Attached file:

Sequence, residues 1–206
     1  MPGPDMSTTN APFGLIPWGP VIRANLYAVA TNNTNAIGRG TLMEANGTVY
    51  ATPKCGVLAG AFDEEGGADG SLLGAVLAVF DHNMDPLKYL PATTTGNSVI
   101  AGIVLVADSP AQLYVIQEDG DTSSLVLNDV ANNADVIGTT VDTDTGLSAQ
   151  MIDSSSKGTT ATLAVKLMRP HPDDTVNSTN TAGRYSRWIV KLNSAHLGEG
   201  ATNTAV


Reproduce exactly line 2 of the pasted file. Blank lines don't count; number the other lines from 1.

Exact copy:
     1  MPGPDMSTTN APFGLIPWGP VIRANLYAVA TNNTNAIGRG TLMEANGTVY